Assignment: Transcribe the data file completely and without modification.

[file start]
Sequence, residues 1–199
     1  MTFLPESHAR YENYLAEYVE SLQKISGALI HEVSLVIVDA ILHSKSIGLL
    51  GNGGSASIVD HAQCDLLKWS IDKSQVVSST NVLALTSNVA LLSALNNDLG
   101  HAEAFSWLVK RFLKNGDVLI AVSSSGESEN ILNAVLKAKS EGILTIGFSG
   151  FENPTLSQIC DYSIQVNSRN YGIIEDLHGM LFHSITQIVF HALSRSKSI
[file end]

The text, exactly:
Sequence, residues 1–199
     1  MTFLPESHAR YENYLAEYVE SLQKISGALI HEVSLVIVDA ILHSKSIGLL
    51  GNGGSASIVD HAQCDLLKWS IDKSQVVSST NVLALTSNVA LLSALNNDLG
   101  HAEAFSWLVK RFLKNGDVLI AVSSSGESEN ILNAVLKAKS EGILTIGFSG
   151  FENPTLSQIC DYSIQVNSRN YGIIEDLHGM LFHSITQIVF HALSRSKSI